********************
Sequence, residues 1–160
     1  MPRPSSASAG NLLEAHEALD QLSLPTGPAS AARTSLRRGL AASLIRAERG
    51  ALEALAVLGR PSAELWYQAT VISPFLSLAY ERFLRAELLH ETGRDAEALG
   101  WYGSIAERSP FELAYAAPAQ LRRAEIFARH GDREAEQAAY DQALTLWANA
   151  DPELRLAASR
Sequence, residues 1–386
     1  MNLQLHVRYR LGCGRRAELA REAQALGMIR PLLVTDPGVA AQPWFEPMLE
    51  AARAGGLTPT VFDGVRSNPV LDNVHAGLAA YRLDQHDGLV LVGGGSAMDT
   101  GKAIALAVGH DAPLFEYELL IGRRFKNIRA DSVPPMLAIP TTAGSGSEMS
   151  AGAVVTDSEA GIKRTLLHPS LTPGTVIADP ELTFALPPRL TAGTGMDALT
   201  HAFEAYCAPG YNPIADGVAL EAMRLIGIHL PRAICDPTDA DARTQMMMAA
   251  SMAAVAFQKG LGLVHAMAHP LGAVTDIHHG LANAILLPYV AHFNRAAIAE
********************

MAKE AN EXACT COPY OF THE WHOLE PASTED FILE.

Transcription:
Sequence, residues 1–160
     1  MPRPSSASAG NLLEAHEALD QLSLPTGPAS AARTSLRRGL AASLIRAERG
    51  ALEALAVLGR PSAELWYQAT VISPFLSLAY ERFLRAELLH ETGRDAEALG
   101  WYGSIAERSP FELAYAAPAQ LRRAEIFARH GDREAEQAAY DQALTLWANA
   151  DPELRLAASR
Sequence, residues 1–386
     1  MNLQLHVRYR LGCGRRAELA REAQALGMIR PLLVTDPGVA AQPWFEPMLE
    51  AARAGGLTPT VFDGVRSNPV LDNVHAGLAA YRLDQHDGLV LVGGGSAMDT
   101  GKAIALAVGH DAPLFEYELL IGRRFKNIRA DSVPPMLAIP TTAGSGSEMS
   151  AGAVVTDSEA GIKRTLLHPS LTPGTVIADP ELTFALPPRL TAGTGMDALT
   201  HAFEAYCAPG YNPIADGVAL EAMRLIGIHL PRAICDPTDA DARTQMMMAA
   251  SMAAVAFQKG LGLVHAMAHP LGAVTDIHHG LANAILLPYV AHFNRAAIAE